There has been a lot of misconceived comment on the nature of the changes proposed last week, particularly the provision to aggregate two or more requests when calculating whether the threshold has been reached. Public authorities already have the power—which Conservative Members supported during the passage of the legislation—to aggregate similar requests from the same person. We propose to give public authorities an extension to enable them to aggregate non-similar requests.

We require better standards from those who are best placed to exercise quality research skills, including journalists, campaigners and researchers. Those people’s careers are underpinned by understanding how to ask a clear, unambiguous and precise question. The Act is not intended to transfer the cost of research from the inquirer to the public. At present, anyone can make unlimited requests for information, regardless of the cost to public funds.

The key point that has been missed in the debate so far is that the existing power to aggregate requests is—as the new one will be, if it is introduced—a power. It is not compulsory. The present power is by no means used every time. Indeed, two requests were made by the hon. Member for North-East Hertfordshire (Mr. Heald) concerning material received from the Electoral Commission in 2003-04 and material relative to the findings of the Jenkins Commission. The requests took more than two and a half weeks of official time to answer, which is far more than the time to which the hon. Gentleman was entitled. They could, therefore, have been dealt with by a refusal. However, they appeared to be in the public interest. Therefore no power to resist answering them was used. There is always a balance to be struck in these matters. I ask hon. Members to remember that we are consulting—sounding out—on this issue, and that it will involve a power, not a compulsion.

The other change proposed last week, on which we are also taking soundings, is the inclusion of reading, consultation and consideration time in the hours that can be aggregated when assessing whether a request would be too expensive for an answer to be in the public interest. This proposal will not encourage inefficient decision making. It is designed to reduce the number of occasions on which significant amounts of time are taken up with inefficient freedom of information work. It reflects the significant resource that is currently required to deal with some requests. Estimates of costs will have to be reasonable, and decisions can be appealed to the Information Commissioner and the Information Tribunal. The Information Commissioner already assesses public authority estimates under the current regulations to ensure that they are reasonable. That right will remain the same.

Additionally, public authorities will continue to be obliged to offer advice and assistance to enable the requester to refine their request to bring it below the cost limit. Only a very small proportion of requests are likely to be affected by the proposed changes, but they will be the ones that cost the public purse the most. Frontier Economics, the company that carried out the review, estimated that a maximum of 13 per cent. of requests would be affected, but these account for more than half the resource burden imposed by the Act.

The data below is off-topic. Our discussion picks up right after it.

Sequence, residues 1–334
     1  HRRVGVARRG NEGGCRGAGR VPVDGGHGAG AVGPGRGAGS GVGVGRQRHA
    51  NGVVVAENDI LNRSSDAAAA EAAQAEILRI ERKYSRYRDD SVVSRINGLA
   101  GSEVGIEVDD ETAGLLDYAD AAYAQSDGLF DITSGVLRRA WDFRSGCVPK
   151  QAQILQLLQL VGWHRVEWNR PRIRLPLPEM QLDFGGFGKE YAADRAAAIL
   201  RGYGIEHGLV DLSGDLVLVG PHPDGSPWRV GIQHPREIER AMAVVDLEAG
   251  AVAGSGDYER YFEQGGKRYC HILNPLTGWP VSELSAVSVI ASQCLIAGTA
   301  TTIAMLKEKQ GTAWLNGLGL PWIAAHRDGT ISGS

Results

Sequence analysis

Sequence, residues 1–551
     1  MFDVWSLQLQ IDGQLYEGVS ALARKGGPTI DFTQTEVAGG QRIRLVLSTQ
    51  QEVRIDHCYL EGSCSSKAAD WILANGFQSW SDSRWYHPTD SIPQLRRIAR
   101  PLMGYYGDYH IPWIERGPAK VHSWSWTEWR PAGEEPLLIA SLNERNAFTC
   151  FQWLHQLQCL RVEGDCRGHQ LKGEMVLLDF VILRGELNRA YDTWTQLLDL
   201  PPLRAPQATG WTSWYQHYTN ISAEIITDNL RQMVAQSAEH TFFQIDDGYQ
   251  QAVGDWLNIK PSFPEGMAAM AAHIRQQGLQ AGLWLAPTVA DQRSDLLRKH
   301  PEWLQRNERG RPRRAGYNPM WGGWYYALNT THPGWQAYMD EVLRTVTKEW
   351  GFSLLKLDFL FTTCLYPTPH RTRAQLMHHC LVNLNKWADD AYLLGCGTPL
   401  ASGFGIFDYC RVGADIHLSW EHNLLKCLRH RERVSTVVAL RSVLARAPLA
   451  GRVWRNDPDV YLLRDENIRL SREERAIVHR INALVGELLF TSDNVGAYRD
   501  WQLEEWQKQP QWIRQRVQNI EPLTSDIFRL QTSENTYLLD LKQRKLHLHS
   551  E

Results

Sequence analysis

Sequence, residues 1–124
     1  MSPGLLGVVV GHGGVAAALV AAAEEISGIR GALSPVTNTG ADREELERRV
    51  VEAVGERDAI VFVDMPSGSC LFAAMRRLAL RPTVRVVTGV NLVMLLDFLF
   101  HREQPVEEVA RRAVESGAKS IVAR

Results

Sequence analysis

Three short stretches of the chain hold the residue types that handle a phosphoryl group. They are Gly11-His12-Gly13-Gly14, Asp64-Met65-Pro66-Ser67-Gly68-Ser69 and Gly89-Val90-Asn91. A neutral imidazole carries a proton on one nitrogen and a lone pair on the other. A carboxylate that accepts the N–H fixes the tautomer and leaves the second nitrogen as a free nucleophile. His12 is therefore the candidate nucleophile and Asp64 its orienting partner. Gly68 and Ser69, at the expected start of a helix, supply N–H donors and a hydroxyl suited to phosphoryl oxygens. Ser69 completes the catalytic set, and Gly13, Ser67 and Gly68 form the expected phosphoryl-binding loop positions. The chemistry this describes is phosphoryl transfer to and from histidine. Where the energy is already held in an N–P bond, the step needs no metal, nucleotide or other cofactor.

Does the Minister share my concern that the research undertaken by Frontier Economics was not sufficiently comprehensive?

No, I do not accept that at all. The research was built on top of an internal review that was already producing findings of a similar nature to those that Frontier Economics found. Nor do I accept that the review has been carried out superficially. The figures are, of course, readily available to the hon. Gentleman, if he wishes to see them. It is entirely right and proper that we should not permit the cost of research to be transferred from the Government, to the disadvantage of most members of the public who simply want their questions answered, when there are narrower ways for the professionals to frame their requests.

The hon. Member for Welwyn Hatfield has made some good points, but I hope that I have satisfactorily set out that the way forward that we propose and are taking soundings on is the one that will involve the least injury to the availability of information to the public. It is entirely our duty to consider implementing it, because we must ensure that inquiries do not run away with time that ought to be spent by officials on delivering core public services. We are making progress to ever more open government, but, equally, we must continue to safeguard effective government and public administration.

We are committed to promoting the benefits of freedom of information and to providing information to people about matters that affect their everyday lives. The changes will continue to support the important underlying principle of the Freedom of Information Act, but unless we face up to the reality, we risk exhausting our resources on those who have spotted a convenient vehicle for their mischief, and sometimes their indulgence or their idle curiosity. I am sure that the hon. Gentleman has heard some examples of that kind of inquiry, but one that he might not have heard of was an inquiry about how much we paid to supply Ferrero Rocher chocolates to all our foreign embassies.

I refuse to let resources be diverted from those for whom this Government introduced the Freedom of Information Act: the well intentioned, the genuine, the unfamiliar, the inexpert and the citizen who just wants to ask for information. The ability of those citizens to carry out that simple task risks being compromised by the voracious demands of some who are far better able than those ordinary citizens to help themselves. We are sounding out proposals that are capable of getting that balance right.

Question put and agreed to.

Adjourned accordingly at twenty-nine minutes to Ten o’clock.